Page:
Fishing Charter “Need To Know”

There are several elements that go into creating the ideal charter fishing experience. The most important of these elements are not within the control of the charter service, captain, or the customers:

THE WEATHER: By weather, I am not just talking about rain, hail, sleet, snow, fog and other forms of precipitation. I’m talking about wind, and its effect on the water. Depending on the boat, the size of the waves will determine if and how far out you can go. This is actually one of the huge advantages of hiring a charter – an experienced captain will save the whole group a lot of grief by knowing when NOT to depart, or setting the proper expectations for the most probable outcome of the trip.

THE FISH: Another element that is not in the control of the participants is the condition and location of THE FISH. This is part of the charm and allure of fishing, but it can lead to disappointment, frustration and perceptions of incompetence. Again, an experienced captain can do much to set expectations wild discus based on weather, time of day, and permitted types of fish most likely to bite for the conditions, but ultimately you must realize it’s the fish that control this part of the equation, and have been known at times to be somewhat unreliable.

Now, on to variables we can control, and the more you know about them, the better decision you can make about your prospective captain and accommodations.

THE BOAT: This is more than a hull displacing enough water to keep you from swimming. The size, power and hull design of the boat combine to determine the limits of the trip. For example, a 32 ft Sport Fisher will carry 6 guests, will cruise at about 20 MPH, and often cannot proceed because the sea conditions seem to frequently exceed its capabilities by 1-2 feet. That means the happy party met at the dock for no good reason. Contrast this with a 27-ft Catamaran, which can also carry up to 6 guests, cruises at about 35 MPH, and slices comfortably and safely through much heavier seas than the standard “V” hull craft can handle. The huge bonus here is the speed – you spend much less time shuttling out to and back from the fishing spots, and much more time actually fishing. If you look at this whole proposition in terms of fishing time per charter dollar spent, you quickly realize that for twice the fishing time, the type of boat makes all the difference. One other advantage – on those days when it is just not possible to get offshore, the shallow draft of the catamaran gives you the opportunity to fish in the bay system. A word about safety – again the newer catamarans have all the advantages with unsinkable foam-filled hulls and twin outboard motor redundancy – much safer than the bigger inboard boats that try to convince people that size equals safety (which can sink in seconds), and much safer than the boats with inboard gasoline engines that have earned a bad safety reputation for blowing up.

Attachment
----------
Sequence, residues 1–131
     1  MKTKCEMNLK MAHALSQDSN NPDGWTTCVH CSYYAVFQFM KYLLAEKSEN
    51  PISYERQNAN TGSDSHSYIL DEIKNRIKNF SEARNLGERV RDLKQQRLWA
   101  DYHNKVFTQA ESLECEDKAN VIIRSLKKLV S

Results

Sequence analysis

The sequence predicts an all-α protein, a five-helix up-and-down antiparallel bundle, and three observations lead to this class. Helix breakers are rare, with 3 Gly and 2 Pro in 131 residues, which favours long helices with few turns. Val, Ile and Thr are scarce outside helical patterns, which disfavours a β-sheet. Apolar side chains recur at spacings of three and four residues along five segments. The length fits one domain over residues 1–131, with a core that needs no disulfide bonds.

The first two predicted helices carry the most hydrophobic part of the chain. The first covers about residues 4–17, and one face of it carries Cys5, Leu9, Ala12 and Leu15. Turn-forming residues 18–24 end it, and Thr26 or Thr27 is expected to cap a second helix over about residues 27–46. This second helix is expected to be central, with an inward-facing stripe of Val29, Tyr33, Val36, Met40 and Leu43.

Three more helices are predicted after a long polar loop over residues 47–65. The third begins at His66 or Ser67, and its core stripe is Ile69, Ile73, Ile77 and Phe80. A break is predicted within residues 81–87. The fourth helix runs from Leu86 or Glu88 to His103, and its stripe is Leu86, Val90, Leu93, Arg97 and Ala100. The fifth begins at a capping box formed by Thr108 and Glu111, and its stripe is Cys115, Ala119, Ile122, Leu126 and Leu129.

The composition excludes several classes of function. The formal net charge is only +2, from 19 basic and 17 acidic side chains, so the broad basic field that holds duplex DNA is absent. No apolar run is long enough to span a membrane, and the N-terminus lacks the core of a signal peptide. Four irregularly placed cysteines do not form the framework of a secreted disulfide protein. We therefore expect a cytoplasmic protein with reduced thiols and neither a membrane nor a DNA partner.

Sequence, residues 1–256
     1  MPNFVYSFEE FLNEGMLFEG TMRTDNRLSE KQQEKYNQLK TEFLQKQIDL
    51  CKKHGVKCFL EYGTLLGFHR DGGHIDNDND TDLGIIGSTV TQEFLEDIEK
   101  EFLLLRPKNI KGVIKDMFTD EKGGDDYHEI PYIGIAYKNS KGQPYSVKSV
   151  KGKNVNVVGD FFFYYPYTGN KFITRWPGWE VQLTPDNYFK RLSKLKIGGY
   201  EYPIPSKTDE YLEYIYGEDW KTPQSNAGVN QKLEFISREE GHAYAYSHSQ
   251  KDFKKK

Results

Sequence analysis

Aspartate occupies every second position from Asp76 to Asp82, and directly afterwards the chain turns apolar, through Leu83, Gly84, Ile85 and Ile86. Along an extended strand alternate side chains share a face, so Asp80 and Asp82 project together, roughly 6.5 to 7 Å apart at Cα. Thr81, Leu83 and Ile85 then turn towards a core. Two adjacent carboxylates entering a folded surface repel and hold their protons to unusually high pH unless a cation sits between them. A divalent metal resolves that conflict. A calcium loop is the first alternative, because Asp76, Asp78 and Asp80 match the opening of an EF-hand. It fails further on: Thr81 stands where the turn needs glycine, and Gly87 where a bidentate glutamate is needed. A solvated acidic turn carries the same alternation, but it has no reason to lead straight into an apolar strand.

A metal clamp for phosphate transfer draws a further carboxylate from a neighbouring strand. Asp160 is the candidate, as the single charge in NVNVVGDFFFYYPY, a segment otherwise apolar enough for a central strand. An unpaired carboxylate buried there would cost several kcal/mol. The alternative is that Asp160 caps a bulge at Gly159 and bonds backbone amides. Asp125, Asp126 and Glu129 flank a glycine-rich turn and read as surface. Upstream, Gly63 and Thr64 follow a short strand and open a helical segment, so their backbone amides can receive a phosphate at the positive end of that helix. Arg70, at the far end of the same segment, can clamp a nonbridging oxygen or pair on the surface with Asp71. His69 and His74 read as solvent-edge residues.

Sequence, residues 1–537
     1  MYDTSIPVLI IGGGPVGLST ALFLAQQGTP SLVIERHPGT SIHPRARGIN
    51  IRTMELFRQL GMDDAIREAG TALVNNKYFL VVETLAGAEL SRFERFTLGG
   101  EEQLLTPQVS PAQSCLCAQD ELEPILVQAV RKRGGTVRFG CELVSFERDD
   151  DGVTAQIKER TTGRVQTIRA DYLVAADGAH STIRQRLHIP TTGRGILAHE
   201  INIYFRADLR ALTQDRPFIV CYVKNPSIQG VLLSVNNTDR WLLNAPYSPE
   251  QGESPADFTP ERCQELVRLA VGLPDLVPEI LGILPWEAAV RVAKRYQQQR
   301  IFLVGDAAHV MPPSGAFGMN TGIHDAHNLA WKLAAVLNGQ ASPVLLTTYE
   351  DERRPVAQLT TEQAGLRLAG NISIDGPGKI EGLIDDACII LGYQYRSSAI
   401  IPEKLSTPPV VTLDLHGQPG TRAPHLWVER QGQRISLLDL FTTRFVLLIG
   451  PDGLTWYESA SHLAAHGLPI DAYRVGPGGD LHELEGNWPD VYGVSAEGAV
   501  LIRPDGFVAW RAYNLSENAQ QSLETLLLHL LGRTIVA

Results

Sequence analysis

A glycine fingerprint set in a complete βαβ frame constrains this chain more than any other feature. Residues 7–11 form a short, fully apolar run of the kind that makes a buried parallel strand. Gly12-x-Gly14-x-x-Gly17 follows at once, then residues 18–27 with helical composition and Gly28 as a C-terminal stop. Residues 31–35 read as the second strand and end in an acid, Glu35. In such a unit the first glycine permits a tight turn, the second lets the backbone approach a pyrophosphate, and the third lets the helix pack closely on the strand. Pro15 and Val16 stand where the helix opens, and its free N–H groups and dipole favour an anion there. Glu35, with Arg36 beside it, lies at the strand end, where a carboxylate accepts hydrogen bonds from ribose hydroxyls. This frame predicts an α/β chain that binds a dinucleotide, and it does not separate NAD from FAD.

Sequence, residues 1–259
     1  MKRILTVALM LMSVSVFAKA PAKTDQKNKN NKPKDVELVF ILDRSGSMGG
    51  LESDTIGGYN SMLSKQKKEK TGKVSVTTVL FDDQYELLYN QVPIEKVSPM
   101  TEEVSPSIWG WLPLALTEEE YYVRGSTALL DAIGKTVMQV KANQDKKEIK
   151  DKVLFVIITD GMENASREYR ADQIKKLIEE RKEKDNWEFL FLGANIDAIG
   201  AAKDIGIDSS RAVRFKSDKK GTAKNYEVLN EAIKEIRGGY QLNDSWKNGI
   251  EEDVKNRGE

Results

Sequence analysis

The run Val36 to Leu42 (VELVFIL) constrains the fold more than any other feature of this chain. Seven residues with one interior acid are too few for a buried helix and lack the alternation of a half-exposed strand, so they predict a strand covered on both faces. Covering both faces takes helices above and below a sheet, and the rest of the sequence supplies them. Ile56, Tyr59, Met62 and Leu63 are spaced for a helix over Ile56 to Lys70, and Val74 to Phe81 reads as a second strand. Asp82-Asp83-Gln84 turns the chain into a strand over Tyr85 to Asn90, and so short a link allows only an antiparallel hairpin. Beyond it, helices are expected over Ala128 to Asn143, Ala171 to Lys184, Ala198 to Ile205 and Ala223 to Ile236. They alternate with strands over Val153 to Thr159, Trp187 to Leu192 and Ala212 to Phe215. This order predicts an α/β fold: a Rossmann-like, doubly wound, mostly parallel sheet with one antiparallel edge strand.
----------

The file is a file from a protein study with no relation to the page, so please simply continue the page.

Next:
THE CAPTAIN: Experience, intelligence, personality and certification are the keys to success. It’s difficult for you to assess a potential captain’s experience and intelligence, but you can get some clues. Have him talk to you about trips he has cancelled and why. Have him talk to you about the kinds of fishing locations he will be taking you to. Ask him how many years he has been doing this. With these simple questions, you can get a pretty good idea about experience and horse sense, and you will have talked with him enough to find out if his personality is the kind that will knit a group together for a good time. You will also ask about Coast Guard certification, which is required of any charter captain.

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